Frank Bello: If it’s one thing in life that I have learned; only being 27 years old of course [laughing], is never to say, “I should have.” You only get one shot at life, and I want to do everything. What’s there to be nervous about? When I’m on stage, I think of it as being in my living room. This is exactly what I do in my living room; I even have a microphone set up in my living room! [Laughing] When my wife comes home, it goes away. I have a great time doing this, writing music, and playing songs. We are very lucky to do what we do.
Robert Cavuoto: Do you have a favorite frontman outside of Anthrax and Megadeth that you try to emulate or channel while on stage?
David Ellefson: When I look over at him I see Paul Stanley. [Laughing] I just catch him doing it, it’s cool because it’s early New York Paul Stanley from the 70s.
Frank Bello: Paul Stanley is a big influence to me. He is a great singing who writes great songs, so that is a compliment. We are sponges, so all of our influences from our entire lives are coming out in our music. That’s what you hear on this CD.
Robert Cavuoto: Tell me about the desire, love, and passion you still have for thrash that makes you continue to play it?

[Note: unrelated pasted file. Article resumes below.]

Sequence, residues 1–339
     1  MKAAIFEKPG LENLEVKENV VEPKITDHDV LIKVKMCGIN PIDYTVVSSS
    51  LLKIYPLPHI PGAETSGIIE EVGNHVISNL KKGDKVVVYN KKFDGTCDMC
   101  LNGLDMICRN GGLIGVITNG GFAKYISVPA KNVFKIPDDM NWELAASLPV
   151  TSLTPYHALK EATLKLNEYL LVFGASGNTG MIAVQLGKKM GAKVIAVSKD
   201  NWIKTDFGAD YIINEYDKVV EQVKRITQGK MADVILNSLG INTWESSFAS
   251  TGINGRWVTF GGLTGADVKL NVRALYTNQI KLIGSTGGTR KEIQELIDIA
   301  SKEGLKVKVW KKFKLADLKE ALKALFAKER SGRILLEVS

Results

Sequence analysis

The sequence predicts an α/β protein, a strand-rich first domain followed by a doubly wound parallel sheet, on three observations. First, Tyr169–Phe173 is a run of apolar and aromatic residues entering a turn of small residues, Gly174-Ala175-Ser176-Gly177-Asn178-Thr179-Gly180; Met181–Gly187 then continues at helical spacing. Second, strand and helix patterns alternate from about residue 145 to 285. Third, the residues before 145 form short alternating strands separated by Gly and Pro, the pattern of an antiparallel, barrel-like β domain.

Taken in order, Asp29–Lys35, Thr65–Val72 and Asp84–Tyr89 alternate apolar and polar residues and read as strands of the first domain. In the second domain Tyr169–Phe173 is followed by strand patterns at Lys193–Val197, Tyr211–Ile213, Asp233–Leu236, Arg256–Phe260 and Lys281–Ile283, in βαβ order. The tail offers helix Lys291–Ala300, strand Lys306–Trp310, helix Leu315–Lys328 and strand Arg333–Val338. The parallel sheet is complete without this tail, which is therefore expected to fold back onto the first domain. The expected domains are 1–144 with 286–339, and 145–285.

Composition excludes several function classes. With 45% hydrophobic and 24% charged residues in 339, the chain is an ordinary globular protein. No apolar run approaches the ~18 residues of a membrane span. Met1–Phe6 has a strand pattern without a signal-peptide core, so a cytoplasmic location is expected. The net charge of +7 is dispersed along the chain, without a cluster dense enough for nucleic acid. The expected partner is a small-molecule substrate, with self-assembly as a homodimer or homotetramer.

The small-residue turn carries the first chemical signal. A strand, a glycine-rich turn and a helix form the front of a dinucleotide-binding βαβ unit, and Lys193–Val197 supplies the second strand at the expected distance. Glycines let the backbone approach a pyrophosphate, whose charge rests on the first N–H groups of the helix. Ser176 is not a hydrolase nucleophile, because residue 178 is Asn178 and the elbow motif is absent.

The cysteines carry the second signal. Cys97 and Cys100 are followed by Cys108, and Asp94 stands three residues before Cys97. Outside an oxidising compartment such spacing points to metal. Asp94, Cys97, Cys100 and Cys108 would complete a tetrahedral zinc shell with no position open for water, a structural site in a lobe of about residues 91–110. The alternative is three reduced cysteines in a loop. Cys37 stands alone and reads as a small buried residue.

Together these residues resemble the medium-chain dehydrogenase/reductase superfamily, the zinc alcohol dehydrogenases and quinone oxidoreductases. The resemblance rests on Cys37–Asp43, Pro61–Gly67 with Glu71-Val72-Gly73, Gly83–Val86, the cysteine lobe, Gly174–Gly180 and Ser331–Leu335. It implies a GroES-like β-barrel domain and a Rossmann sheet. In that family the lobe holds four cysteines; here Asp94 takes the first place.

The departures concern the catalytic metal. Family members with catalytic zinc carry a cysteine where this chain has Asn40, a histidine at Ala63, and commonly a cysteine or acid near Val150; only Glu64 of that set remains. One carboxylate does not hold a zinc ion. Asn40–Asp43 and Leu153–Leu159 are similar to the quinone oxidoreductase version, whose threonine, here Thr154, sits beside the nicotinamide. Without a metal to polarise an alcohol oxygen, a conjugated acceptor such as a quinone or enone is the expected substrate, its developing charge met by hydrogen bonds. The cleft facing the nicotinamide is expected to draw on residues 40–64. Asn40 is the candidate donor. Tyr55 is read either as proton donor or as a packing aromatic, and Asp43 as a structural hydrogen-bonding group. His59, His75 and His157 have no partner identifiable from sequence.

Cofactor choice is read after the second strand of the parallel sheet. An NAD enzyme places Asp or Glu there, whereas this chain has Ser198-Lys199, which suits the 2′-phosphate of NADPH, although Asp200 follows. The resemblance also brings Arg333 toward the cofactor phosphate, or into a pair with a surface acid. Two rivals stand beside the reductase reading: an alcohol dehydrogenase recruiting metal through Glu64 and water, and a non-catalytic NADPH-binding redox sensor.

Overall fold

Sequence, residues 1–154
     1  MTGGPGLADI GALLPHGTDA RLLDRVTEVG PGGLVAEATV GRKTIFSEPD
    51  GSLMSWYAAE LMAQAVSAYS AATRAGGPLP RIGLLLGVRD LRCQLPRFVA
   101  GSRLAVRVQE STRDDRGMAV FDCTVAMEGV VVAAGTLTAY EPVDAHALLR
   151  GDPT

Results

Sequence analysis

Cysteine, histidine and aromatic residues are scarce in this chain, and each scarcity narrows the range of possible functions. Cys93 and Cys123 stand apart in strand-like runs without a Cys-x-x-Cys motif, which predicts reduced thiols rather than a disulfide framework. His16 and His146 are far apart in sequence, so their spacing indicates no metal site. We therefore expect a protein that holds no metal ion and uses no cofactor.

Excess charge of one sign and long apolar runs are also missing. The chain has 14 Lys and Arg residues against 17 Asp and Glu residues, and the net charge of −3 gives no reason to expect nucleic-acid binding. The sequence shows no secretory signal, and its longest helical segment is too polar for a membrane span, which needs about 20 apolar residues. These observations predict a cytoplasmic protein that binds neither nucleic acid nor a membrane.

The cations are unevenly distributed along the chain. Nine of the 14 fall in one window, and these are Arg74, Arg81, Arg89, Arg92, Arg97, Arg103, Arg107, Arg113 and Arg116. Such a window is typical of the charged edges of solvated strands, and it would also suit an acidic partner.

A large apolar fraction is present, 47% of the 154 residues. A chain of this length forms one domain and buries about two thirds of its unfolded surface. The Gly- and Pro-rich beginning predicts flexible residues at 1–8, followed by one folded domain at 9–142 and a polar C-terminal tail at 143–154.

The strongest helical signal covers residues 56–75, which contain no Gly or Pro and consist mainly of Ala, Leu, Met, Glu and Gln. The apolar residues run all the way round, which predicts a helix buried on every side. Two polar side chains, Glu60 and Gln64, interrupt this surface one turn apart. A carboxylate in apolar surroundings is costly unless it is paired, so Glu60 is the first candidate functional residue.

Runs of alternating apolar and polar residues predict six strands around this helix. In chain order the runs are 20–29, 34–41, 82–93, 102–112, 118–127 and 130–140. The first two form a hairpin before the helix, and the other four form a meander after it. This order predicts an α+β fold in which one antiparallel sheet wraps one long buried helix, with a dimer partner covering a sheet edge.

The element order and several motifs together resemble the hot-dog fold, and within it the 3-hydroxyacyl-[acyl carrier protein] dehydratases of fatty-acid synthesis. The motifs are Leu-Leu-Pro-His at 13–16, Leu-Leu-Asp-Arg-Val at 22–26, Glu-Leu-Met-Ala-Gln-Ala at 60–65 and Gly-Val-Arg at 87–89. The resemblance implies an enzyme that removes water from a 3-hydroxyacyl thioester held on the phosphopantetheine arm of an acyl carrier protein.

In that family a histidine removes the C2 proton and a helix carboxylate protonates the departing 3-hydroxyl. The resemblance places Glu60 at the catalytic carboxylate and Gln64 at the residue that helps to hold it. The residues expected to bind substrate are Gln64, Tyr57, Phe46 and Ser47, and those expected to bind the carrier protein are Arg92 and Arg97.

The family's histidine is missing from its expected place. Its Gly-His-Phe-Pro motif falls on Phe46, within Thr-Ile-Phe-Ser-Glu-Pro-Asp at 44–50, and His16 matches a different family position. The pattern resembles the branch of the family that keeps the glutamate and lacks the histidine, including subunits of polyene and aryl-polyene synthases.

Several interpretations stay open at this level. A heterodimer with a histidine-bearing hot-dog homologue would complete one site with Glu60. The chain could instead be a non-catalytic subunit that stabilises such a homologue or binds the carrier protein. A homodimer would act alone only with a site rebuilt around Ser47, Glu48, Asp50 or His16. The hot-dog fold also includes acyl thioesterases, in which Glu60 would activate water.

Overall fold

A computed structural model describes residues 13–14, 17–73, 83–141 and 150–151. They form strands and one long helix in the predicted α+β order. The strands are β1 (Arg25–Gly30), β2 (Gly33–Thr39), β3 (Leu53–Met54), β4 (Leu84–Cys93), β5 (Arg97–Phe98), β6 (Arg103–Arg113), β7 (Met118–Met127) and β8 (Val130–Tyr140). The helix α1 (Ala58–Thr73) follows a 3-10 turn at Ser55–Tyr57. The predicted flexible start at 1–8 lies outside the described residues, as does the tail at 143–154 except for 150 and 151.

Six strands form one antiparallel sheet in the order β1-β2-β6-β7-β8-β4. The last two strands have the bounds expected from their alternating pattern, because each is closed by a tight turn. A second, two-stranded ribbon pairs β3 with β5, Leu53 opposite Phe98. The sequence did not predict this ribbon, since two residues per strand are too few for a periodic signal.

Frank Bello: We are fans! That energy in our gut never dies. I’m hungrier now than I have ever been. This music satisfies my inner rage. It’s helped me get through things through-out my life.
Robert Cavuoto: I think your voice has a similar sound and styling to Dave Grohl of the Foo Fighters.
Frank Bello: Thank you that’s a great compliment. It’s a learning process, so I just sing how I sing and whatever comes out is the way it is. Thankfully people like it. I see it as another instrument. I don’t see it as a voice. David has a bass; I have a guitar let’s get this song out.
Robert Cavuoto: You even have a “Get it Out” coffee to commemorate the CD.
David Ellefson: It is lighter Indonesian espresso roast. With Sumatra being one of my favorite islands of the Indonesian Island, my favorite coffee comes from there. Megadeth recently did a show out there, and they had a coffee bar right before you walked out on stage. They were weighing it and grinding it with his nice red hair. It sounds like we are talking about marijuana but its coffee. [Laughing]. It’s funny that we can do that with the coffee company and push out artist roast for our friends. Sometimes it’s just a merch item for people to have me sign and others love to drink it. It’s another fun little thing for us.
Robert Cavuoto: You have a bunch of dates in Europe some opening for Slash, what was the thinking to go out to Europe first?